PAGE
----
Air pollution in Bangkok starts as early as first thing in the morning but reaches its peak around 5:30-6:00 between November to March. This is due to a variety of factors.
The city's rapid expansion has been continuing for years and even though they have installed many different measures to help stop the dispersion of smoke and fine particles. Air pollution should be a much less serious problem inside of a Bangkok Condo. Whilst conducting your property search air quality in the area should be given due consideration.
One of the best ways to travel across Bangkok is via riverboat. From dawn until late at night, tourists and residents alike use houseboats to traverse the city's waterways. Houseboats range from small wooden boats to sizable luxurious vessels, providing a unique glimpse into local life.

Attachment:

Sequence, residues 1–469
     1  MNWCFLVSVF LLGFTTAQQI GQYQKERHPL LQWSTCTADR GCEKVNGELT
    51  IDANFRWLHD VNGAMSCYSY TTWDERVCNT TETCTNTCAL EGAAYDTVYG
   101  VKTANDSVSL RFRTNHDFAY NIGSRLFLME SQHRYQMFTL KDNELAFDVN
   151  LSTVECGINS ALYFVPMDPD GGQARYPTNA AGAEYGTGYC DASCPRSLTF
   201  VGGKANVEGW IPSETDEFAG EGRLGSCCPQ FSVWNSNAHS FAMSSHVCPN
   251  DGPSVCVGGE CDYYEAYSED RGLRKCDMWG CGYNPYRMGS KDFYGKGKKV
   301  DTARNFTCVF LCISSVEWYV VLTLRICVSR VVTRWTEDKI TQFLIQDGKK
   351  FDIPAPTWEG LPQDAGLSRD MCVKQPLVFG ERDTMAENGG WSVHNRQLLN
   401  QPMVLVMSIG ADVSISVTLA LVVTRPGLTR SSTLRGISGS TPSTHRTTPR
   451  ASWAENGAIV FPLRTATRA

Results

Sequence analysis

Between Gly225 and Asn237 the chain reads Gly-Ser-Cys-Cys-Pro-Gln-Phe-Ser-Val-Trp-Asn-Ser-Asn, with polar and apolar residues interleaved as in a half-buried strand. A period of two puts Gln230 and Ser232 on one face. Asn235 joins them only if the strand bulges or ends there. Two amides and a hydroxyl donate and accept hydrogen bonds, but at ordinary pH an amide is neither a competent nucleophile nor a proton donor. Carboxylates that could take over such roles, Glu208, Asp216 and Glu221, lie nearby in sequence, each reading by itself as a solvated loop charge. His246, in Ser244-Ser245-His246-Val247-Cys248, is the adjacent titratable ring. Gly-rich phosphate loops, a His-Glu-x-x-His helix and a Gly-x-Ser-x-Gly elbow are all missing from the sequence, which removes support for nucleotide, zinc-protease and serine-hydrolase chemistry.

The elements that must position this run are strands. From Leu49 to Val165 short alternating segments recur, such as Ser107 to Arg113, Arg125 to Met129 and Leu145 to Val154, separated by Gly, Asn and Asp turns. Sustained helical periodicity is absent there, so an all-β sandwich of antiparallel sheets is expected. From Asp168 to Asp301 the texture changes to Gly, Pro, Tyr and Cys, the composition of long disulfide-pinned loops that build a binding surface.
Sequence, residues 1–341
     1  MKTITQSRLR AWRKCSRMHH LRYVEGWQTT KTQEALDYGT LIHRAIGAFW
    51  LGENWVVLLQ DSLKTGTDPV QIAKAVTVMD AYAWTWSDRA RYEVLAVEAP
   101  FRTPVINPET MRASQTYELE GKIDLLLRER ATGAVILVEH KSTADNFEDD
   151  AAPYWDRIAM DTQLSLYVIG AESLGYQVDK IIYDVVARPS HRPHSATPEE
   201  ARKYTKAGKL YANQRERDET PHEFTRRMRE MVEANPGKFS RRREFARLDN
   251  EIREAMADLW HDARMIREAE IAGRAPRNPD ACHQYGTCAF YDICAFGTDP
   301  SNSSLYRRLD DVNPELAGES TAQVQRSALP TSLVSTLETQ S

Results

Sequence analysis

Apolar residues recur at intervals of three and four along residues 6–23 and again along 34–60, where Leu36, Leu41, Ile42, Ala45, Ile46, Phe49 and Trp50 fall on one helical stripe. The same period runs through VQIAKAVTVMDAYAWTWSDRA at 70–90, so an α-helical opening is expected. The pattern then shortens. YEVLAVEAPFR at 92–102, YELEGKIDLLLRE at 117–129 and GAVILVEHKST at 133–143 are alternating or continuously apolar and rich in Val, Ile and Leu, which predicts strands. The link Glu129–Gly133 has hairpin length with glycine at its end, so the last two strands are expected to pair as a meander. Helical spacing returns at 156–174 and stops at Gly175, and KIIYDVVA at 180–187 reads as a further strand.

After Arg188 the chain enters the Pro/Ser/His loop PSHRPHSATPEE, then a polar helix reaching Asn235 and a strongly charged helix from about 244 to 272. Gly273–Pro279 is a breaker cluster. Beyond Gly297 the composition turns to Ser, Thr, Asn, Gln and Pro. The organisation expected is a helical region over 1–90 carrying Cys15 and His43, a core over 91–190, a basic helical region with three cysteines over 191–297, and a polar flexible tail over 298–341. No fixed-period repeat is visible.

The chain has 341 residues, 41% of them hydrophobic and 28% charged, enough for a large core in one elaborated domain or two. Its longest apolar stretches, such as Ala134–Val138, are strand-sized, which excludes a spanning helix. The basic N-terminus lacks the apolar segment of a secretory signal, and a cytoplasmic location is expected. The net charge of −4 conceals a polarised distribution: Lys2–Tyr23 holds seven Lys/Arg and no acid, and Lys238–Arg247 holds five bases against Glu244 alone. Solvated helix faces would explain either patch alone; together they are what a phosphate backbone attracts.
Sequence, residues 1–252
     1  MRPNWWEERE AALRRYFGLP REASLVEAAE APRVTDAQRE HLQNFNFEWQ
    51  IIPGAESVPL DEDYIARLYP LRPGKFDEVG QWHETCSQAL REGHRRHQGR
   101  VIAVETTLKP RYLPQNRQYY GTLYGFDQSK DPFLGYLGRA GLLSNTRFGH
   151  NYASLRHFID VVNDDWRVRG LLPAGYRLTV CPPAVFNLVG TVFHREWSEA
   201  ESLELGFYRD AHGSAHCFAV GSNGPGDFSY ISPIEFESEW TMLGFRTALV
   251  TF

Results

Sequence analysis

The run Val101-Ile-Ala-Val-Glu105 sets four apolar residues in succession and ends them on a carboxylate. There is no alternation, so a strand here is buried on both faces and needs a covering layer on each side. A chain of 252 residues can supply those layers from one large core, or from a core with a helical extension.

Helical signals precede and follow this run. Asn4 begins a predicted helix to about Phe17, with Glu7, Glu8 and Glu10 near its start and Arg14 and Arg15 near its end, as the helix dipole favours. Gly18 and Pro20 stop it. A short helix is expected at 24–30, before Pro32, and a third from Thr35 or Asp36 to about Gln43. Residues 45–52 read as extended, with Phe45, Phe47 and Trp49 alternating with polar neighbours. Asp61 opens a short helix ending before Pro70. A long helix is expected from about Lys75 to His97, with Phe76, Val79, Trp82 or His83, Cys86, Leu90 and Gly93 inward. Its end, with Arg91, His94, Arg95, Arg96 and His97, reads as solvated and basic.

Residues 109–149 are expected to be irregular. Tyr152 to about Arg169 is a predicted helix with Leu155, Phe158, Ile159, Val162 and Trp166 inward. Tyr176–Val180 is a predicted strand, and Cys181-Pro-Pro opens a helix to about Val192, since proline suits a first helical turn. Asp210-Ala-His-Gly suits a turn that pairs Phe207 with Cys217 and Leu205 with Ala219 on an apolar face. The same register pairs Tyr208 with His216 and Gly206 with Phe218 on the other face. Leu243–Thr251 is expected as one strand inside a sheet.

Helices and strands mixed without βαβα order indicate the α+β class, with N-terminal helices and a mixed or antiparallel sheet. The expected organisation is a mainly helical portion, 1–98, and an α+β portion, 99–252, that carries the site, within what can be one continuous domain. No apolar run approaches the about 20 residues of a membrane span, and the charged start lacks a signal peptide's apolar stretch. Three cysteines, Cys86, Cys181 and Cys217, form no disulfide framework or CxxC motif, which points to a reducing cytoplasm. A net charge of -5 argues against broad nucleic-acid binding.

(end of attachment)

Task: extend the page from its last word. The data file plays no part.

Since time immemorial, Bangkok's history has revolved around river transport, whether it was for cargo or passengers. Even now, modern commuters use the city's extensive public transit system, or Bangkok Metro, to get around. In addition, ferries travel along the city's major waterways. In recent years, long-distance cruises have become popular to view the sights of the city, especially during rice harvest season.
People enjoy spending their weekends exploring various neighborhoods of Bangkok. Those looking for fun and excitement should visit Khao San Road, or “Baan Krungthep” in Thai. The road is known for being the center of backpacker culture in Bangkok, and features guesthouses and lively bars.